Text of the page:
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CHAPTER VIII.

SUMATRA.

NOVEMBER, 1861, TO JANUARY, 1862.

THE mail-steamer from Batavia to Singapore took me to Muntok (or, as on English maps, " Minto "), the chief town and port of Banca. Here I staid a day or two, till I could obtain a boat to take me across the straits and up the river to Palembang. A few walks into the country showed me that it was very hilly, and full of granitic and laterite rocks, with a dry and stunted forest vegetation, and I could find very few insects. A good-sized open sailing-boat took me across to the mouth of the Palembang River, where, at a fishing-village, a rowingboat was hired to take me up to Palembang, a distance of nearly a hundred miles by water. Except when the wind was strong and favorable we could only proceed with the tide, and the banks of the river were generally flooded Nipa-swamps, so that the hours we were obliged to lay at anchor passed very heavily. Reaching Palembang on the 8th of November, I was lodged by the doctor, to whom I had brought a letter of introduction, and endeavored to ascertain where I could find a good locality for collecting. Every one assured me that I should have to go a very long way further to find any dry forest, for at this season the whole country for many miles inland was flooded. I therefore had to stay a week at Palembang before I could determine on my future movements.

The city is a large one, extending for three or four miles. along a fine curve of the river, which is as wide as the Thames at Greenwich. The stream is, however, much narrowed by the houses which project into it upon piles, and within these again there is a row of houses built upon great bamboo rafts, which are moored by rattan cables to the shore or to piles, and rise and fall with the tide. The whole river-front on both sides is chiefly formed of such houses, and they are mostly shops open to the water, and only raised a foot above it, so

PALEMBANG.

133

that by taking a small boat it is easy to go to market and purchase any thing that is to be had in Palembang. The natives are true Malays, never building a house on dry land if they can find water to set it in, and never going anywhere on foot if they can reach the place in a boat. A considerable portion of the population are Chinese and Arabs, who carry on all the trade; while the only Europeans are the civil and military officials of the Dutch Government. The town is situated at the head of the delta of the river, and between it and the sea there is very little ground elevated above high-water mark; while for many miles further inland, the banks of the main stream and its numerous tributaries are swampy, and in the wet season flooded for a considerable distance. Palembang is built on a patch of elevated ground, a few miles in extent, on the north bank of the river. At a spot about three miles from the town this rises into a little hill the top of which is held sacred by the natives, and is shaded by some fine trees, inhabited by a colony of squirrels, which have become half tame. On holding out a few crumbs of bread or any fruit, they come running down the trunk, take the morsel out of your fingers, and dart away instantly. Their tails are carried erect, and the hair, which is ringed with gray, yellow, and brown, radiates uniformly around them, and looks exceedingly pretty. They have somewhat of the motions of mice, coming on with little starts, and gazing intently with their large black eyes, before venturing to advance further. The manner in which Malays often obtain the confidence of wild animals is a very pleasing trait in their character, and is due in some degree to the quiet deliberation of their manners, and their love of repose rather than of action. The young are obedient to the wishes of their elders, and seem to feel none of that propensity to mischief which European boys exhibit. How long would tame squirrels continue to inhabit trees in the vicinity of an English village, even if close to the church? They would soon be pelted and driven away, or snared and confined in a whirling cage. I have never heard of these pretty animals being tamed in this way in England, but I should think it might be easily done in any gentleman's park, and they would certainly be as pleasing and attractive as they would be uncommon.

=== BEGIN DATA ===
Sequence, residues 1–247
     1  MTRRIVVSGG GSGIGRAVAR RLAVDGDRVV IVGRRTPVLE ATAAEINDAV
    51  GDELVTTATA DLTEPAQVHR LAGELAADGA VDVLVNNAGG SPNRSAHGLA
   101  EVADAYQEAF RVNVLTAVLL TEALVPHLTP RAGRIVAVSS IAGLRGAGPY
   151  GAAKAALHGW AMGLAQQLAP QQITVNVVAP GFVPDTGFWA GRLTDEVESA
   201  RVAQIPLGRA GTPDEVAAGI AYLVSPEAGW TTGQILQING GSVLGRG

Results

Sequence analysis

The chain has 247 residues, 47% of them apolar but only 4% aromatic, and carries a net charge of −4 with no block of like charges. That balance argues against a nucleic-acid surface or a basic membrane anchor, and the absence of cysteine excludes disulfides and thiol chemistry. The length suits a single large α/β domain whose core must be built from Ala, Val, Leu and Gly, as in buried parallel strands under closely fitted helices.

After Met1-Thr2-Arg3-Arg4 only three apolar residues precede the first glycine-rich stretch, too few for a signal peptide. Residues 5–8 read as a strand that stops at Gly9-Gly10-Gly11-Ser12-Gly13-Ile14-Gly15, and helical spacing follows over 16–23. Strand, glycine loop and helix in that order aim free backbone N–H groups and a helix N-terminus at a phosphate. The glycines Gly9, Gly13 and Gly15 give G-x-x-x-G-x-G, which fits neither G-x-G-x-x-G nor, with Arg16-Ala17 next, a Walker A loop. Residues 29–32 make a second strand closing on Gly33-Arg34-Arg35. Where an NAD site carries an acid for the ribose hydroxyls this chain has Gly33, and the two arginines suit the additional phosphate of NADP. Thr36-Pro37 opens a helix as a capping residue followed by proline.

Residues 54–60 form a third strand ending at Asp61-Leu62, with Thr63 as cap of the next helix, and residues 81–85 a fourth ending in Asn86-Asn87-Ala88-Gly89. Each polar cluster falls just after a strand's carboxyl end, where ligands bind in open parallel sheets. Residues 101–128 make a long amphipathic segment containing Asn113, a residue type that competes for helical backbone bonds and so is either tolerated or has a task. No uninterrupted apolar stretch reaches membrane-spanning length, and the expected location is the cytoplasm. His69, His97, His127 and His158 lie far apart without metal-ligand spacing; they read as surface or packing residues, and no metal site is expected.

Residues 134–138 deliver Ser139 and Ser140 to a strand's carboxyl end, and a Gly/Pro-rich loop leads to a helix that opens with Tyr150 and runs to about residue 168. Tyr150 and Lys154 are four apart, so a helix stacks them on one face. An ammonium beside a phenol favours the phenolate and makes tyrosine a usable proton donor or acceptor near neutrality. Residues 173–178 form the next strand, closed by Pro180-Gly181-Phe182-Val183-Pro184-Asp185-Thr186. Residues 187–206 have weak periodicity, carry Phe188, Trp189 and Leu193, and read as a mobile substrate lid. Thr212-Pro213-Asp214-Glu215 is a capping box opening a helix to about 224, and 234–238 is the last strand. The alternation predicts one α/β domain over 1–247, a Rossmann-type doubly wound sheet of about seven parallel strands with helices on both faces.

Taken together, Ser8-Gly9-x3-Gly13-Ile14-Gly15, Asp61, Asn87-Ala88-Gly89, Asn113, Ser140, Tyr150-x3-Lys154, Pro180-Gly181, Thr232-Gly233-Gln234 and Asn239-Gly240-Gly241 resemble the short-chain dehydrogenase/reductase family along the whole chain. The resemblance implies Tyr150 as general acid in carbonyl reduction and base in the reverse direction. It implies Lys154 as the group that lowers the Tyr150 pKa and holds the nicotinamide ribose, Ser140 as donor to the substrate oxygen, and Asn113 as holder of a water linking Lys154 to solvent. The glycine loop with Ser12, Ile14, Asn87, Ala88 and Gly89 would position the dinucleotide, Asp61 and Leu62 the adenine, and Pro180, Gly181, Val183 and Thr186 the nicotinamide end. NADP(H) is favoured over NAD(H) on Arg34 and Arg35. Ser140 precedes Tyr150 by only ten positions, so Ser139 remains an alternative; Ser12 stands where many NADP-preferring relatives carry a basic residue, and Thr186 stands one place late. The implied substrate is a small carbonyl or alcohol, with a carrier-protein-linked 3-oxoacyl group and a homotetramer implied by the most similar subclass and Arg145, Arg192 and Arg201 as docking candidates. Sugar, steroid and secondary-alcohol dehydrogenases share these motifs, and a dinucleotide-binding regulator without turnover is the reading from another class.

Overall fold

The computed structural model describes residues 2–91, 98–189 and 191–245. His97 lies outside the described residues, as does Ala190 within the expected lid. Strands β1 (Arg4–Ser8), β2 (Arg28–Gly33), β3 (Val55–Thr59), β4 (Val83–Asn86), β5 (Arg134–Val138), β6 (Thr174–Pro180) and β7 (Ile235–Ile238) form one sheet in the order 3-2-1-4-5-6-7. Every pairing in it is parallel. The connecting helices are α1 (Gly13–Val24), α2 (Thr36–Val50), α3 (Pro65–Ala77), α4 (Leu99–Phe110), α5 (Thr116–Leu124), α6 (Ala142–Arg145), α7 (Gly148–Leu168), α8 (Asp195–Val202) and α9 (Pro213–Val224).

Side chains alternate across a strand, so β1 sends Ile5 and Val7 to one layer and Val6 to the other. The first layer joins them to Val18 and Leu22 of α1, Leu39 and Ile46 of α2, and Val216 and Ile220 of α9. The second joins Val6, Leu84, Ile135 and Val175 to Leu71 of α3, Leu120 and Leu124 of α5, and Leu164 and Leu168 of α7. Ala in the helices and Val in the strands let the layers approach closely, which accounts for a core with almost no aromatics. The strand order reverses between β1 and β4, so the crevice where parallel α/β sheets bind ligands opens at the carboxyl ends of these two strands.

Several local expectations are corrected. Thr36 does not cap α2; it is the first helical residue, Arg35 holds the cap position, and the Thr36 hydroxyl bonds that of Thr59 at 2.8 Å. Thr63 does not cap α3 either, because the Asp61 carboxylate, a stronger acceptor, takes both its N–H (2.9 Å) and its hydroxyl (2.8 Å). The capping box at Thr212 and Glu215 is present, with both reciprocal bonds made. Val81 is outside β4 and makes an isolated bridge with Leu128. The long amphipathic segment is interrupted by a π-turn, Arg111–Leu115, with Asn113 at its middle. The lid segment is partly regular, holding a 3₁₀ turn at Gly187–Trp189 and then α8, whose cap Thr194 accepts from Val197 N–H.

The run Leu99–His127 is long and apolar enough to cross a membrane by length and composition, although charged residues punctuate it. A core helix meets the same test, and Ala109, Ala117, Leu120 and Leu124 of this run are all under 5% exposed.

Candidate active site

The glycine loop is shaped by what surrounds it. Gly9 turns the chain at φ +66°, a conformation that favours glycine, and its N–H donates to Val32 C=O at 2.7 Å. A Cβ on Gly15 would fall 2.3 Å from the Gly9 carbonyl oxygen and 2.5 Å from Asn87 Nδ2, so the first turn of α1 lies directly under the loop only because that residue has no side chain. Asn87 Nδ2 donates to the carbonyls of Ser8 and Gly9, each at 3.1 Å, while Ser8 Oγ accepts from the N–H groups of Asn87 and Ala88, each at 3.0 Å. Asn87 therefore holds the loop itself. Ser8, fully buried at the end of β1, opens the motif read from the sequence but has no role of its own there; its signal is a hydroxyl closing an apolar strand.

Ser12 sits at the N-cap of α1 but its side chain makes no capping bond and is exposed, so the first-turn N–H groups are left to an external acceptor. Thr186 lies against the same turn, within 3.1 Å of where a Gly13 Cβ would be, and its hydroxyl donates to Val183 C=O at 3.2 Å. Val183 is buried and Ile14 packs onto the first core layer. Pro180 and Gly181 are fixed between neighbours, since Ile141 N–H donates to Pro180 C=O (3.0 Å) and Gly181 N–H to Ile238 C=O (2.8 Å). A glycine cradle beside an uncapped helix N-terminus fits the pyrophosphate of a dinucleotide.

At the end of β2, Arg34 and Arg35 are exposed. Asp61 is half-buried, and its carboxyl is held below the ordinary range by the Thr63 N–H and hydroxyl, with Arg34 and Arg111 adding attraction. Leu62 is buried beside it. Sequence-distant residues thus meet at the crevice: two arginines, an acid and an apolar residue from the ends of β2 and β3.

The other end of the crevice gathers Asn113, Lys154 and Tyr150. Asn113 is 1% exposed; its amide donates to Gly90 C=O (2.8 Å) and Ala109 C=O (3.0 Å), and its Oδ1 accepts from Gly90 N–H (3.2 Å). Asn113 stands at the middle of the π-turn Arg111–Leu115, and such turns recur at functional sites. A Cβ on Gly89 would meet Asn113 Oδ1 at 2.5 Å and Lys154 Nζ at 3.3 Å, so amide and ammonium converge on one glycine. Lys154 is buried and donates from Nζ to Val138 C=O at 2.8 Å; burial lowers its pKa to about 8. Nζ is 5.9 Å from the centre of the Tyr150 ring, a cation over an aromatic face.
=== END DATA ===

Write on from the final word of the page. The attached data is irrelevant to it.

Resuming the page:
After many inquiries I found that a day's journey by water above Palembang there commenced a military road, which extended up to the mountains and even across to Bencoolen, and I determined to take this route and travel on till I found some tolerable collecting-ground. By this means I should secure dry land and a good road, and avoid the rivers, which at this season are very tedious to ascend, owing to the powerful currents, and very unproductive to the collector, owing to most of the lands in their vicinity being under water. Leaving early in the morning, we did not reach Lorok, the village where the road begins, till late at night. I staid there a few days, but found that almost all the ground in the vicinity not under water was cultivated, and that the only forest was in swamps which were now inaccessible. The only bird new to me which I obtained at Lorok was the fine long-tailed parroquet (Palæornis longicauda). The people here assured me that the country was just the same as this for a very long way -more than a week's journey, and they seemed hardly to have any conception of an elevated forest-clad country, so that I began to think it would be useless going on, as the time at my disposal was too short to make it worth my while to spend much more of it in moving about. At length, however, I found a man who knew the country, and was more intelligent; and he at once told me that if I wanted forest I must go to the district of Rembang, which I found on inquiry was about twenty-five or thirty miles off.